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NCPBA Legislative Update: June 10, 2011

RESTRICTIONS TO STATE LEO

RETIREMENT REMOVED FROM HB927
As reported last week, following opposition to the LEO Retirement Restrictions in HB927, the bill sponsor, Representative Dale Folwell, proposed a meeting with group stakeholders for this past Tuesday, June 7, 2011.  That meeting did occur for about two hours beginning at 10:00 a.m. in Representative Folwell’s office.
PBA and other groups representing civilian and retired members facing even more severe restrictions than law enforcement also looked for compromise on accrued sick leave and restriction changes.  Most of PBA’s concerns centered on our state LEO members, as local officers covered under the LGERS were not affected by this bill, with one exception.  Sick leave accrual reductions proposed by HB927 would have affected all law enforcement officers hired after August 1, 2011 and all current officers in the way they accrued sick leave toward retirement after January 1, 2012.
Following the meeting, a new Proposed Committee Substitute (PCS) modified some of the proposed restrictions for civilian retirees and we are pleased to report, ALL of the proposed changes for law enforcement officers were removed from the bill.  One exception was to increase the five year at age 55 to 10 years.  This will mainly affect all those “double dipping” chiefs hired from some place else where they have already retired with 20 or 25 year retirement benefits.  Otherwise, all LEO retirement benefits will remain unchanged.
Remaining elements of HB927 include:
 
1)         criminal penalties for non-eligible recipients who continue to receive and deposit a retirement allowance after the retiree’s death and/or fail to inform the Retirement System of the retiree’s death.
2)         a 200,000 dollar retirement allowance cap on the highest paid public employees and;
3)         an anti “spiking” provision that prohibits employer manipulation of a public employee or appointee salary by giving huge one time salary increases to substantially increase retirement allowances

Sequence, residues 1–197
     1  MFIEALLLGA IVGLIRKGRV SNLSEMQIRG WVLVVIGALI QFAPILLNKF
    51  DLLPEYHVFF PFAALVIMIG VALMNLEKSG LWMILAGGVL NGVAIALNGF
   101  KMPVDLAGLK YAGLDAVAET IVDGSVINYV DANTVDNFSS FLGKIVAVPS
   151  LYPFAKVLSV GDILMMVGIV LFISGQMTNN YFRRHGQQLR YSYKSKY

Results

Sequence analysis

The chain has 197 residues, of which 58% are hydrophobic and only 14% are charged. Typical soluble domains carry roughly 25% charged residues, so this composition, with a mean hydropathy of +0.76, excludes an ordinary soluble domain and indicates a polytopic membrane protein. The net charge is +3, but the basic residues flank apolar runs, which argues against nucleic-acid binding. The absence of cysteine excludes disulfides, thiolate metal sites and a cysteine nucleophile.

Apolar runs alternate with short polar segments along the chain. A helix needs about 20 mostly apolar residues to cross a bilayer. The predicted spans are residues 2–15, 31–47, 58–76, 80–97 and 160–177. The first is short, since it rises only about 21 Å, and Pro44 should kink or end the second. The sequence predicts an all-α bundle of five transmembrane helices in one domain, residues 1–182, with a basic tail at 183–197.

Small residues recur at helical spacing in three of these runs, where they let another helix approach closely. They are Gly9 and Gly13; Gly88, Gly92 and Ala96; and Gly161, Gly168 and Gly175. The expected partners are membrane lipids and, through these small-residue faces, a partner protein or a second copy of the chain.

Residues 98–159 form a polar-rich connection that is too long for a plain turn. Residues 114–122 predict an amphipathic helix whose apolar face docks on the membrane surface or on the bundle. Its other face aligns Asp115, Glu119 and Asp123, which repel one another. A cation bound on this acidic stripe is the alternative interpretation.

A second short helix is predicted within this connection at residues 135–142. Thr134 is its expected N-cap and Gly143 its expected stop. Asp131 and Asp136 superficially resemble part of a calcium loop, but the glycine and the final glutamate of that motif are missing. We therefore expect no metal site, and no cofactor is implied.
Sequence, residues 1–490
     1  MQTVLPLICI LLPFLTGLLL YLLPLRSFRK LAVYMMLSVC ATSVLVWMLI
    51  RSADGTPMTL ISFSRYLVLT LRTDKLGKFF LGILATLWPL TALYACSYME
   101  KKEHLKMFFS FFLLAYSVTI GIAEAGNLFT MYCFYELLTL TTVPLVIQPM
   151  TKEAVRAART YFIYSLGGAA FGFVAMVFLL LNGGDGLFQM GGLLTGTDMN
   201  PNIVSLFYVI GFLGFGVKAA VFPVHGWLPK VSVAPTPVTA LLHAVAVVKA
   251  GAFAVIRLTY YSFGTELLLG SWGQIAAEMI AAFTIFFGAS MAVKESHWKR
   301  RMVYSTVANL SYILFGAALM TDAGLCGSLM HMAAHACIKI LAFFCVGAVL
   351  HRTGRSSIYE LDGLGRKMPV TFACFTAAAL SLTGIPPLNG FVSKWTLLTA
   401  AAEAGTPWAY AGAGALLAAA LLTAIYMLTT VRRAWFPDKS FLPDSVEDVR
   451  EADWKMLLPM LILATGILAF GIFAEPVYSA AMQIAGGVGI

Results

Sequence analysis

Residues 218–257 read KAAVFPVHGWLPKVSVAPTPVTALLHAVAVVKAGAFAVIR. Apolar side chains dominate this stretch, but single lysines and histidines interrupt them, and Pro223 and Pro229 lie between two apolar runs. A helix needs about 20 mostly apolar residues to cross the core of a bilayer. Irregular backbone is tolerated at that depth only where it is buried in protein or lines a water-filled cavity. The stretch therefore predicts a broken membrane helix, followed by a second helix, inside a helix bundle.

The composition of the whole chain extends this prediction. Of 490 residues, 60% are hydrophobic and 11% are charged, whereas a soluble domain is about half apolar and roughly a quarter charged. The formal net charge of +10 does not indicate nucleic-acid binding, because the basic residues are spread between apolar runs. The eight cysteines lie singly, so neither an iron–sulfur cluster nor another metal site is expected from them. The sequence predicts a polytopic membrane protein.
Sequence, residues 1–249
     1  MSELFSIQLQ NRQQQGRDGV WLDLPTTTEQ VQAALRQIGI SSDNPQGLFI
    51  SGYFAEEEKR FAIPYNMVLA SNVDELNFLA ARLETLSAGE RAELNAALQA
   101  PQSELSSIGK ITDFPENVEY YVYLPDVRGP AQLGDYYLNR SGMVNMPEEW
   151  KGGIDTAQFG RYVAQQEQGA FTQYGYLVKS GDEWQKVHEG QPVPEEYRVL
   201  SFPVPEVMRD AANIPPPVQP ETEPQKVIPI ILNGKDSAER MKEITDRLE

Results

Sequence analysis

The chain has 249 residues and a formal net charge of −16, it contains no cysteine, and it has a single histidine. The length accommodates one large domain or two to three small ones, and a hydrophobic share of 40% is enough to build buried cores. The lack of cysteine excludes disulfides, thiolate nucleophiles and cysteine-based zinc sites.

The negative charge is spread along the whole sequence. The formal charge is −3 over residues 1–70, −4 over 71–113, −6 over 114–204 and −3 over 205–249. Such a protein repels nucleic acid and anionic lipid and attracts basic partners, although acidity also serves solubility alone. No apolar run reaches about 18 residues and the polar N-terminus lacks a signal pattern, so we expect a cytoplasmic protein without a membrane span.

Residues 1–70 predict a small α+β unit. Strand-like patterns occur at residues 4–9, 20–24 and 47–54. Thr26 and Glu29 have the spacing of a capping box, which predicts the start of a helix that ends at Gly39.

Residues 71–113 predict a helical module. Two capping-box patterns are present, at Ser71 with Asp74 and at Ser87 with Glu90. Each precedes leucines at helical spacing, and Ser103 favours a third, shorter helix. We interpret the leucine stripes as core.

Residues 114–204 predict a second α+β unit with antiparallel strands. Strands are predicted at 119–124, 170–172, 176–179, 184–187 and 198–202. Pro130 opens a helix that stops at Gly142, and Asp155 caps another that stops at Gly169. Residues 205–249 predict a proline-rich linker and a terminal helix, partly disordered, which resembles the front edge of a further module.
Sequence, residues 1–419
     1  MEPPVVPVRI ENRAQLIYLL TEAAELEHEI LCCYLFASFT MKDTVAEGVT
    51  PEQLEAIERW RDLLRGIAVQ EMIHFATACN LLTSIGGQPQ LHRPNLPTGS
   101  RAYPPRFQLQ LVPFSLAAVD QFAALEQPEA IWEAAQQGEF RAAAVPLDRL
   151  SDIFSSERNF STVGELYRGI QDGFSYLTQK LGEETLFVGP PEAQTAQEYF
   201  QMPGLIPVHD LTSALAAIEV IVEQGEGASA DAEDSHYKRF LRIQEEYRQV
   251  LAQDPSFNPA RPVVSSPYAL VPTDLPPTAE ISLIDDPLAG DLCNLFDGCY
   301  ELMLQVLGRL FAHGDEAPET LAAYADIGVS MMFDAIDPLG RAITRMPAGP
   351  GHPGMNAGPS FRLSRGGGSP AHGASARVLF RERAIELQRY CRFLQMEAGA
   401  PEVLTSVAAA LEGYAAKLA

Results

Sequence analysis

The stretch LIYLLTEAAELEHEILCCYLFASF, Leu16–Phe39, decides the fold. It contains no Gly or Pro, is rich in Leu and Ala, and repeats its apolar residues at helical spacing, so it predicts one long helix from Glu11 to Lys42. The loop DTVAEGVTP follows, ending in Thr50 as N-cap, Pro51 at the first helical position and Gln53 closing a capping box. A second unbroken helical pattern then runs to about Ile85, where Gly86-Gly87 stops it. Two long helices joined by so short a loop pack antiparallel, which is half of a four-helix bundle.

On Wednesday, June 8, 2011, HB927 passed the House State Personnel Committee with the new PCS (70239), and since most of the provisions waived further appropriation consideration, the bill moved directly to the House floor.  On Thursday, June 9, 2011, HB927 (PCS70239) passed the House 117 – 0 and has been sent to the Senate.
 
 
SENATE VERSION OF PBA’S LEO DISABILITY LOOP HOLE BILL PASSED COMMITTEE WHILE HOUSE COMPANION BILL
 
GETS FULL HOUSE APPROVAL
 
SB443 Removed Restrictions/LEO Disability Benefits, sponsored by Senators Stevens, Newton and Harrington, unanimously passed the Senate Pensions and Retirement Committee on Wednesday, June 8, 2011, with no debate.  As reported last week, the House companion bill, HB538, passed the House State Personnel Committee and was to be heard next in the House Finance Committee.  However, due to the bill’s low fiscal impact, primary sponsor Representative Shirley Randleman worked with House leadership to move the bill directly to the House floor where it passed 112 – 0 during a rare Friday session on June 3, 2011.  The bill is now in the Senate, and while it is not affected by the crossover deadline, the bill’s movement substantially increases the changes that the bill will become law this year.
 
NOW FOR THE BAD NEWS
 
An otherwise productive PBA legislative week, in which PBA continues to fair better than most other labor groups, took a nasty turn on Wednesday, June 8, when our LEO Fairness Act took a direct hit promulgated by the kind of sleazy sabotage we have not seen before.
HB602, which would have provided fair hearings for local law enforcement officers facing dismissal, was opposed by the usual suspects.  However, this time around with our having 30 co-sponsors (one fourth of the House membership) and incredible bipartisan support, the enemies of professionalism and fairness had to result to tactics only a bottom feeding pond dweller could appreciate.  Because of the complexities of the measures used to tank the bill and the interesting and possibly improper or unlawful conduct by some of the surprising opponents who showed up to oppose the bill, we are investigating further before adding to this report.
However, stay tuned, and, as always, we will keep you posted.

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